In the theatre of development, the competitiveness and growth of an economy is determined by its capacity to acquire and apply new knowledge. In a rapidly globalizing world, learning new ways of doing things depends in no small measure on the ability to integrate with the larger world outside. We live in a world in which the free movement of goods and capital across borders is seen as a virtue. Arguably, it is seen to reinforce the principle of competitive advantage and help spur savings, investment and demand. What is less recognised is that International migration of human capital: the movement of knowledge, talent and skills across borders is central to learning and development.
The emergence of significant Diasporas has in recent years brought into sharp focus two key facts. First, there is a large expatriate population of skilled people from emerging economies in the developed world. Second, overseas communities can constitute a significant resource for the development of the countries of origin. The movement of the high skilled and low skilled workers from less to more developed economies and back opens several new opportunities for development. To view the Diaspora only through the looking glass of remittances and financial flows is to take a myopic view. Not all expatriates need to be investors and their development impact measured only in terms of financial contributions to the home country.
An overseas community can and does serve as an important 'bridge' to access knowledge, expertise, resources and markets for the development of the country of origin. The success of this bridge is often predicated upon two conditions: the ability of the Diaspora to develop and project a coherent, intrinsically motivated and progressive identity and the capacity of the home country to establish conditions and institutions for sustainable, symbiotic and mutually rewarding engagement. Home countries are now beginning to recognise the need to pursue and promote the dynamic of the Diaspora and development.
India has the second largest Diaspora in the world. The overseas Indian community estimated at over 25 million is spread across every major region in the world. Yet, it is difficult to speak of one great Indian Diaspora. The overseas Indian community is the result of different waves of migration over hundreds of years driven by a variety of reasons-mercantilism, colonialism and globalisation. Its early experiences make up a saga of trials, tribulations and the eventual triumph of determination and hard work. In the last three decades of the 20th century the character of migration began to change and a 'new Diaspora' led by high skilled professionals moving to the western world and semi-skilled contract workers moving to the Gulf, West and South East Asia emerged.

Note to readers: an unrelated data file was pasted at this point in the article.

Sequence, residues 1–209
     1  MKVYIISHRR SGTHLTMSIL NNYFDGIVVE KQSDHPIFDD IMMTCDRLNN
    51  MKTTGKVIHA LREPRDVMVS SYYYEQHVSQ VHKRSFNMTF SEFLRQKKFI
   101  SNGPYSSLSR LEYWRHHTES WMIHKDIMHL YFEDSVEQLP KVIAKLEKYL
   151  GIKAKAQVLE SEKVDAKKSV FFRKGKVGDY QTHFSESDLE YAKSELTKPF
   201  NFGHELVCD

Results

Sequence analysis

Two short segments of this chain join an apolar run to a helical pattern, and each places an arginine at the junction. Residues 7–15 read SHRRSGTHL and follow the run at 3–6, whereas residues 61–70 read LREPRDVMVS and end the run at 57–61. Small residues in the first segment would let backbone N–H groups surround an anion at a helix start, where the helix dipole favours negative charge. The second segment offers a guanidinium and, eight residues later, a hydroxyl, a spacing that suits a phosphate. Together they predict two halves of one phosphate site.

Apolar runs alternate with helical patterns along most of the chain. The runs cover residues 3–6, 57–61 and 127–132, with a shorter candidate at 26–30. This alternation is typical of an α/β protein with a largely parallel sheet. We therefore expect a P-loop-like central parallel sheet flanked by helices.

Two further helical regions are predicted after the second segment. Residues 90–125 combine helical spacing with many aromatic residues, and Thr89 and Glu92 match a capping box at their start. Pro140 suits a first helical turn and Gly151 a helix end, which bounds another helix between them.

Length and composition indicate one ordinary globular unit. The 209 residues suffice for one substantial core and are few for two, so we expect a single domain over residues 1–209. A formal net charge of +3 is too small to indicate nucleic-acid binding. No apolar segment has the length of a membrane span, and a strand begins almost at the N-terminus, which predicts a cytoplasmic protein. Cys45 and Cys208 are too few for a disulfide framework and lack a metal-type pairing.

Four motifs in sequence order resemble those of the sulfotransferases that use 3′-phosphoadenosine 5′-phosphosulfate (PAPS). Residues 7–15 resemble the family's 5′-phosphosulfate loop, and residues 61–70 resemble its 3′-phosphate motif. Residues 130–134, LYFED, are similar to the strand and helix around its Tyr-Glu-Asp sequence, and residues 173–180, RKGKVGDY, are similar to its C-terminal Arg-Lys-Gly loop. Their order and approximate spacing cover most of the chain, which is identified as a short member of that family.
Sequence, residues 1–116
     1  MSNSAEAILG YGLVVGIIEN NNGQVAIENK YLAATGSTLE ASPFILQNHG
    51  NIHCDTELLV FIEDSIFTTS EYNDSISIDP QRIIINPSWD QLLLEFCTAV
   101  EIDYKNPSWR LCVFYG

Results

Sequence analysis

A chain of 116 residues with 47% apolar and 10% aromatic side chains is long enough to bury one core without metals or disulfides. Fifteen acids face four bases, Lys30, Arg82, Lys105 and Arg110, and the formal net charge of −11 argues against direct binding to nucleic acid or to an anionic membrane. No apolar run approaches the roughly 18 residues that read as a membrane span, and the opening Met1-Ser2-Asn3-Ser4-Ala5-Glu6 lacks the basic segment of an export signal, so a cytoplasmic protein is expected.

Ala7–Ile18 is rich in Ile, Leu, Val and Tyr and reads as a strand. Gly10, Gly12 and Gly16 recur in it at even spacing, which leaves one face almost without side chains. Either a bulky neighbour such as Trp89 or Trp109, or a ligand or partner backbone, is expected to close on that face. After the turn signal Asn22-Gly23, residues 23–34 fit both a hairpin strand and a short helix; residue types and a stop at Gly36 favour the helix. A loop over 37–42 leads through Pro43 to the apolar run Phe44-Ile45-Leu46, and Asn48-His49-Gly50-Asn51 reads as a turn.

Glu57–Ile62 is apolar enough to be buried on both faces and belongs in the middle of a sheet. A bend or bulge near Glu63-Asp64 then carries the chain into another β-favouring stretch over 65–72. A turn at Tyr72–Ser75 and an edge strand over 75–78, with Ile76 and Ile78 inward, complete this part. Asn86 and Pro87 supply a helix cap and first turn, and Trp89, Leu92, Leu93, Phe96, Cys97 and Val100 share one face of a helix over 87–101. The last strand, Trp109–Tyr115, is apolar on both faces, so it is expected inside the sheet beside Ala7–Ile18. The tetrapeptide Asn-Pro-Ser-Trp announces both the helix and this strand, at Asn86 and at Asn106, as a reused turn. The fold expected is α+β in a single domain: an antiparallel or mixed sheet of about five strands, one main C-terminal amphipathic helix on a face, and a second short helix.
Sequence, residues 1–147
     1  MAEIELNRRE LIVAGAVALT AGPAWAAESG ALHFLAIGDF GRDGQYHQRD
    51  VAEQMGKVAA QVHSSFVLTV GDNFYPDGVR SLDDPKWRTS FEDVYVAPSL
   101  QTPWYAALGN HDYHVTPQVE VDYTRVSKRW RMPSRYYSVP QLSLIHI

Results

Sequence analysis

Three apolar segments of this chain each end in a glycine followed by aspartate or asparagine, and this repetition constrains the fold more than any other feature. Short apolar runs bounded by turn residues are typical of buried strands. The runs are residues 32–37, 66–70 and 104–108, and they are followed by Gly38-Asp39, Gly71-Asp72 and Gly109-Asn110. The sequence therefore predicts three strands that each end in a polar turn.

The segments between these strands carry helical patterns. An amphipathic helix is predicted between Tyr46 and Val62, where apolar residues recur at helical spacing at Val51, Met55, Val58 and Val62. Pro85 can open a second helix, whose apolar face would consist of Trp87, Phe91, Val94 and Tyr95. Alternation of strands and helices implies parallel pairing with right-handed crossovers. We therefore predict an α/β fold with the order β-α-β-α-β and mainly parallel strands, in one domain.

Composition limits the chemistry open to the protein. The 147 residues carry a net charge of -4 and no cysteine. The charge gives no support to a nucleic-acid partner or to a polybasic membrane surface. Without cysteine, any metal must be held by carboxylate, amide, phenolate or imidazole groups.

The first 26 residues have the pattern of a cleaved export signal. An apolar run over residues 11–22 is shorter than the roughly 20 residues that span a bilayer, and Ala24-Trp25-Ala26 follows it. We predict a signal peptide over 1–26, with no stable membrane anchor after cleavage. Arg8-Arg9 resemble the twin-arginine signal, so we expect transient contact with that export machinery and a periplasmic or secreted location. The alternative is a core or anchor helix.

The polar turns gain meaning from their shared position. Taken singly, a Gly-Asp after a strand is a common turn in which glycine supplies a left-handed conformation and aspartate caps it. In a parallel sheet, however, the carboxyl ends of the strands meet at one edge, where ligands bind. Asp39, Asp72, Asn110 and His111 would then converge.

The overseas Indian community thus constitutes a diverse, heterogeneous and eclectic global community representing different regions, languages, cultures and faiths. The common thread that binds them together is the idea of India and its intrinsic values. Overseas Indians comprise People of Indian Origin and Non Resident Indians and today are amongst the best educated and successful communities in the world. In every part of the world the overseas Indian community is recognised and respected for its hard work, discipline, non-interference and for successfully integrating with the local community. Overseas Indians have made significant contributions to the economy of the country of residence and have added in considerable measure to knowledge and innovation.
Overseas Indians share a strong bond with their country of origin. This is reflected in their language, cultures and traditions that have been maintained, often over centuries, and continue to be vibrant and unique. It is now being witnessed in the growing popularity of Indian films, dance, music, arts and culture on foreign shores, the strong surge in remittances back ho